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The Burn
Confessions of a Late Life Pyromaniac: Cascadia, 2/8/22
I was hauling soggy fallen branches from cedars, and a mass of trimmed lilac and snowball tree limbs that The Captain’s Wife and I had trimmed, when he arrived home early from work.
“Bro,” he said, getting out of his car, Good work—my OCD is kicking in.”
He smiled, at the big brush pile I was building and said, “We’re only allowed to burn four by four in King County. I’ll get the chain saw and cut this stuff down and let’s feed this smaller pile. It’s going to rain tonight.”
I started building the little brush tepee with the shorter branches and he cut up the big tree limbs, “Build it more this way, away from the tree line, we-ll feed it from upwind. This doctor I went to today for a physical started talking all of this vaxx nonsense, telling me I had to get vaxxed, to follow the science and that he thought the how thing was a soft sell, that he would have used the military to get everybody vaxxed. He was some German homo, a real faggot. I just walked out of there—that moron. Burning something would be good therapy!”
He returned with a torch that was attached to a propane tank and said, “Back up, Nige—I don’t suppose you got to do this much in Baltimore. This will melt that polyester jacket into your back. Be careful.”
The flames roared from the torch and began to build an inferno among the wet branches, the cedar palms crackling on contact, flames and smoke rising.
“Feed her bro. Be careful. I don’t want the Captain of the Nigerian Cribbage Team sidelined for burns!”
While I was feeding the building fire, trying to get branch rounds into the base, The Captain’s Wife came out from the kitchen and began to help, gathering more fallen branches and twigs and raking leaves as we fed the flames.
The captain returns with a leaf blower and looks at the inferno and declares, “This is already in excess of the ordinance. We should probably hold off and burn the rest of this tomorrow.”
He sets down the leaf blower and then bends over a hundred pounds of brush that would have filled two wheel barrows and picks it up, heaving it onto the burning brush and with a “woosh” and a crackle the fire built. “Wew, Baby!” he howled and began looking for more green stuff that would crackle and declared, “Load her up, Nige! King County can eat a Dick!”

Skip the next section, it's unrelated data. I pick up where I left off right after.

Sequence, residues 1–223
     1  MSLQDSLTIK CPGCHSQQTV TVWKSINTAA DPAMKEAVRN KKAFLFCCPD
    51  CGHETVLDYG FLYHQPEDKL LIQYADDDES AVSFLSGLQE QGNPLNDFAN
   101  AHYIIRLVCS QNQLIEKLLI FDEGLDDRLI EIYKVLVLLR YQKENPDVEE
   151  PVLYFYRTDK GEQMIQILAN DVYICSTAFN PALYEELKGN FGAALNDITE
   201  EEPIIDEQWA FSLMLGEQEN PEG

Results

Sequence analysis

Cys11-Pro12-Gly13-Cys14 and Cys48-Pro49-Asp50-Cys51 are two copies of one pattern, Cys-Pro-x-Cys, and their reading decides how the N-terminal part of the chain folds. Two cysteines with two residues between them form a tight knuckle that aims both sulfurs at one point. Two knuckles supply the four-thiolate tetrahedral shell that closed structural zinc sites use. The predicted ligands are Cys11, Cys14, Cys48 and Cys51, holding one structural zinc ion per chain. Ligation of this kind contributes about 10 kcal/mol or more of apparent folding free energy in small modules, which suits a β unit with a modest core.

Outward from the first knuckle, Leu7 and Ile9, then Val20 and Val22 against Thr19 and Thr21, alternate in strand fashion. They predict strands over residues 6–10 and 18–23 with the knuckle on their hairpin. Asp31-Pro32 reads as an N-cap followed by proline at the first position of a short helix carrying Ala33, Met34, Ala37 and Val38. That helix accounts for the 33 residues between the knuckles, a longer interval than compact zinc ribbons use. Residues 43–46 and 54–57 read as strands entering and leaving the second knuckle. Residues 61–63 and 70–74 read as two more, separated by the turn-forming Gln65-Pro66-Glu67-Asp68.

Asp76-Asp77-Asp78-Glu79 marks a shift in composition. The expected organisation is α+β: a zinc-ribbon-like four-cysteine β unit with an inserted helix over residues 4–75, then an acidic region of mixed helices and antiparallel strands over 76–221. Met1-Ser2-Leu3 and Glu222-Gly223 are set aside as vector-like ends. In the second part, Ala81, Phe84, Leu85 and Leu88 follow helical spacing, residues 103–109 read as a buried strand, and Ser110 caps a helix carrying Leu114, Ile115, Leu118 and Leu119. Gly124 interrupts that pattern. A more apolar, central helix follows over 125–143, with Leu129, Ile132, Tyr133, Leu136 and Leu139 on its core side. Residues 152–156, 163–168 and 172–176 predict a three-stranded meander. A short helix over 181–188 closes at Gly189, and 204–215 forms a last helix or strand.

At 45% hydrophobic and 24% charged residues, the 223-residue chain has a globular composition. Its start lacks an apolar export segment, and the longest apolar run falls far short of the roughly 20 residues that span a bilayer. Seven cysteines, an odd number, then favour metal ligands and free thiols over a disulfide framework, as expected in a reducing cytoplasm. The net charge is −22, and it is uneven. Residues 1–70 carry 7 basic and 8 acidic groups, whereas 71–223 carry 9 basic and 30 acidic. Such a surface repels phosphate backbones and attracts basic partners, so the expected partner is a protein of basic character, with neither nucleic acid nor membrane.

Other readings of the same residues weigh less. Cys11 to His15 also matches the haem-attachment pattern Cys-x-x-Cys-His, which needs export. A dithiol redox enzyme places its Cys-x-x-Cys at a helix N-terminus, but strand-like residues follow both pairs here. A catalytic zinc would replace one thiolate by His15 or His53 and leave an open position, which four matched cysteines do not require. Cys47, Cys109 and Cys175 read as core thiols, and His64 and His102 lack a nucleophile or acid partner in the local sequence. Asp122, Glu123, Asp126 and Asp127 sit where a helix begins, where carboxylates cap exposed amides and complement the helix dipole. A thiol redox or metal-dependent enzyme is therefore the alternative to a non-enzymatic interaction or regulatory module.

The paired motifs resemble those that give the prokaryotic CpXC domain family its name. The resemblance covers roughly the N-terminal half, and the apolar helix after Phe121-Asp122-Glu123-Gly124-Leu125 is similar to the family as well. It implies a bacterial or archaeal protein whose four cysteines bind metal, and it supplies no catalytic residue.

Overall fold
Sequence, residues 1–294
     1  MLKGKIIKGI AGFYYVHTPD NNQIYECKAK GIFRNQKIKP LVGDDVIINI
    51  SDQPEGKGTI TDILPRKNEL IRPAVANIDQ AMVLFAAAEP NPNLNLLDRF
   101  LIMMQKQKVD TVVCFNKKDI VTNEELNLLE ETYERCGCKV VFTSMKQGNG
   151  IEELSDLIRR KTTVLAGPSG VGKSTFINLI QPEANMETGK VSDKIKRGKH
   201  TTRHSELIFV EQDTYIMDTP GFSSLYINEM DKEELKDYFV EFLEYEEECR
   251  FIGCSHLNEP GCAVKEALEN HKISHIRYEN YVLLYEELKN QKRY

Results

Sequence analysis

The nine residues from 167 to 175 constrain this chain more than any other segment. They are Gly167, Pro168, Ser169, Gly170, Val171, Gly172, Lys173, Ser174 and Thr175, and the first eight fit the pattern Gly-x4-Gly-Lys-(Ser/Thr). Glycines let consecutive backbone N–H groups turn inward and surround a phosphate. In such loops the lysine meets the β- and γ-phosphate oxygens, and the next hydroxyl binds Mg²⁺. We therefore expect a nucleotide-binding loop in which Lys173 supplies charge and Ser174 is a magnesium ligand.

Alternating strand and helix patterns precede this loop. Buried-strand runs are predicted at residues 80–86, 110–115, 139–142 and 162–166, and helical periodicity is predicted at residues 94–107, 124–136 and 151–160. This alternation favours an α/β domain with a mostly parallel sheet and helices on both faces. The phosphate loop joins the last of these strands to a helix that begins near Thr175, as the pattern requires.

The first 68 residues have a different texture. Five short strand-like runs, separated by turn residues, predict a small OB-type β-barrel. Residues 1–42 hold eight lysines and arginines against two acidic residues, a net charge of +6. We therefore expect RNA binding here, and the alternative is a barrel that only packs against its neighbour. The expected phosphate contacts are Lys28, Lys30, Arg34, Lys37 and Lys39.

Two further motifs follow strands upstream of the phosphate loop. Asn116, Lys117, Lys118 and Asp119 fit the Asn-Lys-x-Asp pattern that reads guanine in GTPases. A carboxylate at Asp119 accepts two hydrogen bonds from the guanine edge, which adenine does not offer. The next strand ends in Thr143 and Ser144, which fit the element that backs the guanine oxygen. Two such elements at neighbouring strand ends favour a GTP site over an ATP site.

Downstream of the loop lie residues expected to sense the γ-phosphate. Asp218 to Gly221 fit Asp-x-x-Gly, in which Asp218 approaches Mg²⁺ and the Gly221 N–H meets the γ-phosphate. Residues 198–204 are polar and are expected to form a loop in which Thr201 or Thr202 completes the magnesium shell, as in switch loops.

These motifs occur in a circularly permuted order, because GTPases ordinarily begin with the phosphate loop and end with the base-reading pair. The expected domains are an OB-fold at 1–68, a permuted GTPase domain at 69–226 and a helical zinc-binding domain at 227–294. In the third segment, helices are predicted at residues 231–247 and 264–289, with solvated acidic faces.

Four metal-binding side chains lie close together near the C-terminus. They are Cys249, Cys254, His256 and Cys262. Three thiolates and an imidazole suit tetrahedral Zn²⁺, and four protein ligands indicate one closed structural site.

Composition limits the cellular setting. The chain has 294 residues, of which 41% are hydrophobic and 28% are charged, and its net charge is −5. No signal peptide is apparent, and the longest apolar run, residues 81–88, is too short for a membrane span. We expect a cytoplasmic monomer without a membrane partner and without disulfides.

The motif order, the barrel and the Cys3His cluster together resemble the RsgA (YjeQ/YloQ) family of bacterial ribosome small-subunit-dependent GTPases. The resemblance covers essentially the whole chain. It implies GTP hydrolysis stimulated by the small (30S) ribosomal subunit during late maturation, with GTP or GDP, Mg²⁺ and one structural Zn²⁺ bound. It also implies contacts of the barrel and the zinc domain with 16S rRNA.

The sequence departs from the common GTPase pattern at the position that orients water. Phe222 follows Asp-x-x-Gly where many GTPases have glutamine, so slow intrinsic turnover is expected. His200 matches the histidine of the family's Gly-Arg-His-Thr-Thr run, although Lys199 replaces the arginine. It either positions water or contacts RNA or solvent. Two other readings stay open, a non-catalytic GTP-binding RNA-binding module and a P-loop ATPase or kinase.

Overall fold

As I more gingerly piled wood and brush The Captain applied more flames until a real furnace kind of burn intensified. Then he declared, “Lookout—burning fossil fuels!”
With that he pointed the leaf blower at the base of the fire and let her rip and the flames built, and built and roared and built some more and soared ten feet high, a deep orange and white inside.
He then handed me the leaf blower and said, “Take over Nige, I know its not a stone age tool like you prefer, but I want to melt metal!”
The fire became like a living, angry thing, a demon of applied technology as it roared and soared and the captain took photos with his smart phone to send to other part-time pyromaniac from the job site, “Down in the Colon” of Seattle. “Bro,” he said, as he took the leaf blower fro my now maniacal hand, “that’s good, more fuel!” How I would love to do this to those homeless tweaker animals camped around the job-site, maybe throw on a homo German doctor to roast in honor of his ʍRΝА gene manipulation bullshit!”
Within 45-minutes, the three of us had taken two full dump trucks worth of brush and wood and turned it into a roaring four by four foot fire, licking ten feet high.
He noted how I was getting too close and showed me how to use the rake to feed the un-burnt brush ends back into the center. The Mrs. came back out a few times after dark to rake the pile closer. By bed time it was a red-streaked smoldering white ash pile.
In the morning, some of the embers were still burning and I loaded them into one wheel barrow and spread them on some damp mud, having reduced a quarter acre of brush to 50 pounds of ash.
The ferocity and work rate of the fire was amazing. I recalled then that almost the entire forest of Pennsylvania and 2000 years earlier, the cedar forests of antiquity where Humbaba once dwelt in menace, were wiped out, not for building materials, but to feed furnaces for smelting ore, forging metal, baking bricks and cracking stone.
Throwing a postmodern witch-doctor upon the fire would have made it more meaningful. But we can only do what we do.
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